Mon Tulfo got smuggled Sinopharm jabs, applies for local distributorship

 

      • The Sinopharm anti-COVID-19 vaccine was neither granted an emergency use application (EUA) by the Philippine Government, nor given approval by health or regulatory authorities for any special use; it is, therefore, illegal, illicit, prohibited, unauthorized, unlicensed, unregistered, and unregulated, especially so during the time it was injected, as admitted by Ramon Tulfo, on him and the persons he said were vaccinated with him;
      • Ramon Tulfo admits in his column he got his Sinopharm jabs together with “Cabinet-level officials” and the Presidential Security Group three weeks earlier before he wrote his column referred in here;
      • Tulfo admits in his column to have arranged a phone call meeting between President Duterte and the Sinopharm vaccine country representative in the President’s office;
      • Tulfo admits in his column he applied for distributorship of the Sinopharm vaccine in the country;
      • Tulfo admits in his column, it was his friend who smuggled the vaccines in.

 


 

EUA (US Food and Drug Administration)

The Emergency Use Authorization (EUA) authority allows FDA to help strengthen the nation’s public health protections against CBRN* threats by facilitating the availability and use of MCMs** needed during public health emergencies.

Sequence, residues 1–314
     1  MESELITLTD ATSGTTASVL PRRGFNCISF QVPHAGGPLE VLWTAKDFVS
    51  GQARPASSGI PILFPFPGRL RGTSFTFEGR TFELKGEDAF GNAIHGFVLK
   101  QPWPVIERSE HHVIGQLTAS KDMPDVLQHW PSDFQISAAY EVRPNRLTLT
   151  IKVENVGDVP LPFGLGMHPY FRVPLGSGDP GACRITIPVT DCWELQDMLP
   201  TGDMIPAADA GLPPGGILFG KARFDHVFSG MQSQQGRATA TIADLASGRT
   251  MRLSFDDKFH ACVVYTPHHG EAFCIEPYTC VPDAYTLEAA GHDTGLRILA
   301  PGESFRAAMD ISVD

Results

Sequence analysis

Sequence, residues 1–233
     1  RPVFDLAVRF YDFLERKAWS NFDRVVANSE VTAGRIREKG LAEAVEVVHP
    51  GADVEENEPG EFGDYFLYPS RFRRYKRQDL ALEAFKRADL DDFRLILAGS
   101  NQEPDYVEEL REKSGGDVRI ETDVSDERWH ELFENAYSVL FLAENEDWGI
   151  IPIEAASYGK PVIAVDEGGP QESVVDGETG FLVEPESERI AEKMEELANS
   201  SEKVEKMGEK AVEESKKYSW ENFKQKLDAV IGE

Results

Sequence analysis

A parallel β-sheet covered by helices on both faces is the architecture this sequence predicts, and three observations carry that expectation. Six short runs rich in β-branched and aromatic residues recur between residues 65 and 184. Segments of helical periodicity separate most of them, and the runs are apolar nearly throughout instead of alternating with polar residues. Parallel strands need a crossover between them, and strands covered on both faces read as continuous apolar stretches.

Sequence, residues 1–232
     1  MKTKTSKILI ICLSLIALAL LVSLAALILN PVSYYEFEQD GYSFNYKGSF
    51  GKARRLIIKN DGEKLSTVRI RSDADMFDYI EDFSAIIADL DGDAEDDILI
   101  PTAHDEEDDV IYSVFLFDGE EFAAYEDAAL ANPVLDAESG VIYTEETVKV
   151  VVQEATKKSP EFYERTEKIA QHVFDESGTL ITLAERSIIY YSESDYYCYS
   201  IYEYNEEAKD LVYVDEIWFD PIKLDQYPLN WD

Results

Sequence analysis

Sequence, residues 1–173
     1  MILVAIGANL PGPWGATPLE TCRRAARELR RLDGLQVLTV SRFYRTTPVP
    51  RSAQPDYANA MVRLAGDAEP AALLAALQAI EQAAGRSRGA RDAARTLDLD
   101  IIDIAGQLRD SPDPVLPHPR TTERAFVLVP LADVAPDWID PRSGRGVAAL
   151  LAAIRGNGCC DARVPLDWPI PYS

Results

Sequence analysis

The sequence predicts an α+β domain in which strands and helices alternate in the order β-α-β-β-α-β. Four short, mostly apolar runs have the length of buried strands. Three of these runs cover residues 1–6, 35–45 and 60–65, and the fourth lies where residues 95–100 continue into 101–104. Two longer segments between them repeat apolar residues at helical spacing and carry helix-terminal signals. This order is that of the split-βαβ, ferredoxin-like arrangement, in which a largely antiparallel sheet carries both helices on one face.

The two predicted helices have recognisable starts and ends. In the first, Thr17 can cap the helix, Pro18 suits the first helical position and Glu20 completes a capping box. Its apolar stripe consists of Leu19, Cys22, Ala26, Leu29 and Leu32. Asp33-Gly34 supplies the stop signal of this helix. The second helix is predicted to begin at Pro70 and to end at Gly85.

*Chemical, biological, radiological, and nuclear defense are protective measures taken in situations in which chemical, biological, radiological, or nuclear warfare hazards may be present. CBRN defense consists of CBRN passive protection, contamination avoidance, and CBRN mitigation.

**MCMs are medical countermeasures, such as vaccines, antiviral drugs, antibiotics, antitoxins, and chemical antidotes, used to effectively prevent, mitigate, or treat adverse health effects of an intentional, accidental, or naturally occurring public health emergency.

Medical countermeasures, or MCMs, are FDA-regulated products (biologics, drugs, devices) that may be used in the event of a potential public health emergency stemming from a terrorist attack with a biological, chemical, or radiological/nuclear material, or a naturally occurring emerging disease.

 

EUA (Department of Health, FAQs)

What is an Emergency Use Authorization?
Risk-based procedure for assessing unlicensed (under development) vaccines, therapeutics
During public health emergencies of international concern
Aim of expediting availability to people affected by a public health emergency
Based on an essential set of available quality, safety, and efficacy performance data


 

MANILA — Special Envoy for Public Diplomacy to China Ramon Tulfo admits he got his Sinopharm jabs along with other government officials last year. Unauthorized, unregistered, and unregulated, these prohibited doses were smuggled into the country but Tulfo insisted there is “nothing improper with the chief executive asking samples of the unregistered vaccine.”